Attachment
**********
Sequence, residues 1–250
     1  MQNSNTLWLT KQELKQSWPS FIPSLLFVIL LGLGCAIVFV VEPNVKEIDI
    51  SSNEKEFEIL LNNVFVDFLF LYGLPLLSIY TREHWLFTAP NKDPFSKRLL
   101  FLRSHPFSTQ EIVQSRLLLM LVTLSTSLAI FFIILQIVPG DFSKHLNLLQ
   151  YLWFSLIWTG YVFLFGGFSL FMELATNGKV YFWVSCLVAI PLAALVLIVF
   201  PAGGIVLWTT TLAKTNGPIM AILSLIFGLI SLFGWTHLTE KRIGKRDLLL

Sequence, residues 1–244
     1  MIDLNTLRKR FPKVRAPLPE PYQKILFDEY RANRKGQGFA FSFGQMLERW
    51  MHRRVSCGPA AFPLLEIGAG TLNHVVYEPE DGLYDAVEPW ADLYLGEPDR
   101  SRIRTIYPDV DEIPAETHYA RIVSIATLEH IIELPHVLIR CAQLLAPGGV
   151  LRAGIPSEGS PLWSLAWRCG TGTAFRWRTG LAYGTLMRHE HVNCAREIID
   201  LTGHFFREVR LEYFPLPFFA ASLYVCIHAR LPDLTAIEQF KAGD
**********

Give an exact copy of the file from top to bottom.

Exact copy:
Sequence, residues 1–250
     1  MQNSNTLWLT KQELKQSWPS FIPSLLFVIL LGLGCAIVFV VEPNVKEIDI
    51  SSNEKEFEIL LNNVFVDFLF LYGLPLLSIY TREHWLFTAP NKDPFSKRLL
   101  FLRSHPFSTQ EIVQSRLLLM LVTLSTSLAI FFIILQIVPG DFSKHLNLLQ
   151  YLWFSLIWTG YVFLFGGFSL FMELATNGKV YFWVSCLVAI PLAALVLIVF
   201  PAGGIVLWTT TLAKTNGPIM AILSLIFGLI SLFGWTHLTE KRIGKRDLLL

Sequence, residues 1–244
     1  MIDLNTLRKR FPKVRAPLPE PYQKILFDEY RANRKGQGFA FSFGQMLERW
    51  MHRRVSCGPA AFPLLEIGAG TLNHVVYEPE DGLYDAVEPW ADLYLGEPDR
   101  SRIRTIYPDV DEIPAETHYA RIVSIATLEH IIELPHVLIR CAQLLAPGGV
   151  LRAGIPSEGS PLWSLAWRCG TGTAFRWRTG LAYGTLMRHE HVNCAREIID
   201  LTGHFFREVR LEYFPLPFFA ASLYVCIHAR LPDLTAIEQF KAGD